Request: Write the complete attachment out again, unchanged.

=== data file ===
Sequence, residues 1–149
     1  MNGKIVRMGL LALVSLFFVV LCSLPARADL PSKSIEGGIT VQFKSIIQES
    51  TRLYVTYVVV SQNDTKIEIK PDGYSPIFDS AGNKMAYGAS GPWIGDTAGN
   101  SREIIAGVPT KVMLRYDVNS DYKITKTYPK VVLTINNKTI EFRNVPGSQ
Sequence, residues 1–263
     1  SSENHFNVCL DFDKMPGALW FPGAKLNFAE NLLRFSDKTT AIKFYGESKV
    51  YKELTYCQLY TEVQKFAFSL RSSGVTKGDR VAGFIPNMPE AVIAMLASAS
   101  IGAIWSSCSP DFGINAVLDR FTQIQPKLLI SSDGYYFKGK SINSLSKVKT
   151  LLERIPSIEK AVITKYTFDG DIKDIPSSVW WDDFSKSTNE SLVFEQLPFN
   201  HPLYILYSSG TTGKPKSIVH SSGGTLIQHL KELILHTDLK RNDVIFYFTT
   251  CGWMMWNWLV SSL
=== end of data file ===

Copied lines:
Sequence, residues 1–149
     1  MNGKIVRMGL LALVSLFFVV LCSLPARADL PSKSIEGGIT VQFKSIIQES
    51  TRLYVTYVVV SQNDTKIEIK PDGYSPIFDS AGNKMAYGAS GPWIGDTAGN
   101  SREIIAGVPT KVMLRYDVNS DYKITKTYPK VVLTINNKTI EFRNVPGSQ
Sequence, residues 1–263
     1  SSENHFNVCL DFDKMPGALW FPGAKLNFAE NLLRFSDKTT AIKFYGESKV
    51  YKELTYCQLY TEVQKFAFSL RSSGVTKGDR VAGFIPNMPE AVIAMLASAS
   101  IGAIWSSCSP DFGINAVLDR FTQIQPKLLI SSDGYYFKGK SINSLSKVKT
   151  LLERIPSIEK AVITKYTFDG DIKDIPSSVW WDDFSKSTNE SLVFEQLPFN
   201  HPLYILYSSG TTGKPKSIVH SSGGTLIQHL KELILHTDLK RNDVIFYFTT
   251  CGWMMWNWLV SSL